The Holder Rule: When You Take Out a Loan, and the Product is Defective or Fraudulent

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Consumers often purchase items or services through financing arrangements offered or arranged by sellers. Sometimes the item turns out to be defective, or it is never delivered.  Other times, services are shoddy, incomplete, or not performed at all.  For consumers who find themselves in this position, a federal regulation known as the Holder Rule may help. 

If the Holder Rule applies, a consumer may be able to stop making payments on a loan and may even be able to get a refund of payments already made.  Whether the Holder Rule applies requires a careful analysis of the relationship between the seller and the lender.

What Is the Holder Rule?

The Holder Rule is a federal regulation intended to help consumers when a defective or fraudulent product or service is purchased with credit extended directly by the seller or arranged by the seller.  If the seller (1) provided your financing directly or (2) has a certain type of relationship with the provider of your financing, you may be able to stop paying on the loan and possibly obtain a refund of any payments you made on the loan if a product or service is defective or not provided. 

When a credit agreement is entered into as part of the sale, it is supposed to include a statement like this:


(Absence of this language in your contract, however, does not necessarily mean the Holder Rule is unavailable to help you.)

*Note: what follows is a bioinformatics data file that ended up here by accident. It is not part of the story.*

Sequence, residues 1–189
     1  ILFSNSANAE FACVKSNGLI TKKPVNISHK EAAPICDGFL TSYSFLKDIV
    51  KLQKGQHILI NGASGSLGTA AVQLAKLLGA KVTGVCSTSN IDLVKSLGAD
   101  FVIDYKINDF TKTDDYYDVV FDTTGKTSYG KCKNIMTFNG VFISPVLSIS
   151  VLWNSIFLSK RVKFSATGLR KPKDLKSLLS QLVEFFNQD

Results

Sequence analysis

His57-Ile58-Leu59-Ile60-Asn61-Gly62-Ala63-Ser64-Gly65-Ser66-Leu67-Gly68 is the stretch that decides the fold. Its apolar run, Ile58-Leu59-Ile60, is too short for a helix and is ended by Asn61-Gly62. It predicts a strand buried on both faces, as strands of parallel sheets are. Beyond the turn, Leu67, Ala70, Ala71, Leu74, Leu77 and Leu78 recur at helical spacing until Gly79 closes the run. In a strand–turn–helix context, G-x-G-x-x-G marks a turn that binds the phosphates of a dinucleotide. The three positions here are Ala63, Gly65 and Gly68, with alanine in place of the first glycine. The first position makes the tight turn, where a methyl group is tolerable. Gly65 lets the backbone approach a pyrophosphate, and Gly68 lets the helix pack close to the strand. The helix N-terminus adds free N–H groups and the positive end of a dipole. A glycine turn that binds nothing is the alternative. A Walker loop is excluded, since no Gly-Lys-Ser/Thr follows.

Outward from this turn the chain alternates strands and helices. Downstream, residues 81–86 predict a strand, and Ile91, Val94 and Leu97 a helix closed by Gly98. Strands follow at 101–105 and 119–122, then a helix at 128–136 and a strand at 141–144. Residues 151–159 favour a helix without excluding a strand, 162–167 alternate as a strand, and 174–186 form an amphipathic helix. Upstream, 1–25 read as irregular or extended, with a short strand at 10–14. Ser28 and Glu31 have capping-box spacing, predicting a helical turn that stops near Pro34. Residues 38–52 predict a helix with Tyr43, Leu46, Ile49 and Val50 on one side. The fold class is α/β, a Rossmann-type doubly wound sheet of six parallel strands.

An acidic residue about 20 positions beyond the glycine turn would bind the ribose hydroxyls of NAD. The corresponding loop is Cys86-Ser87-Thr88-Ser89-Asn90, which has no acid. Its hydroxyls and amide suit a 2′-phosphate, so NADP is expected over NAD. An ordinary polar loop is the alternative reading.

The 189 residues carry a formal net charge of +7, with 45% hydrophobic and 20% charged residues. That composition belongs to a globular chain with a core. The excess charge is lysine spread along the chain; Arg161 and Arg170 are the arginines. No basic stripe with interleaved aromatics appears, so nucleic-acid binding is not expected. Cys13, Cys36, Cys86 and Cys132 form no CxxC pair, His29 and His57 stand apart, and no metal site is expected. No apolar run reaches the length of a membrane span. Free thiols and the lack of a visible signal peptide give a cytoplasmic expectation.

Does the Holder Rule Apply to My Contract?

Several facts must exist for the Holder Rule to apply to your loan.  Some of those factors include:

The Holder Rule does not apply to loans you obtain on your own without the help of or referral by the seller.

When May I Stop Paying on My Contract?

Generally speaking, if the Holder Rule applies you should be able to answer “yes” to the following:

  1. Was the credit agreement entered into as part of your purchase?
  2. Is the seller the creditor, or does the seller regularly refer customers to the creditor, or is the seller affiliated with the creditor?
  3. Do you have a valid reason to stop paying on your loan and/or request a refund of payments you have made (for example: the seller misrepresented the product/service; the product was defective; the service was not performed)? And do you have evidence to show why you should not have to repay the loan or receive a reimbursement?

If the Holder Rule applies, you may be able to stop making payments on your loan and even recoup previously paid amounts. You may even be able to assert claims that are otherwise barred by the statute of limitations if state law permits those claims to be raised as defenses to payment. Be cautious about stopping payment to a creditor!  If your claim is unsuccessful, collection proceedings and negative credit reporting may result.  You should consult an attorney before taking such an action.  Please note that the Minnesota Attorney General’s Office cannot provide legal advice to individuals in private legal matters.  Our Office cannot tell you whether the Holder Rule may apply to your situation.  You may wish to consult this Office’s publication, Hiring an Attorney, for guidance in looking for an attorney.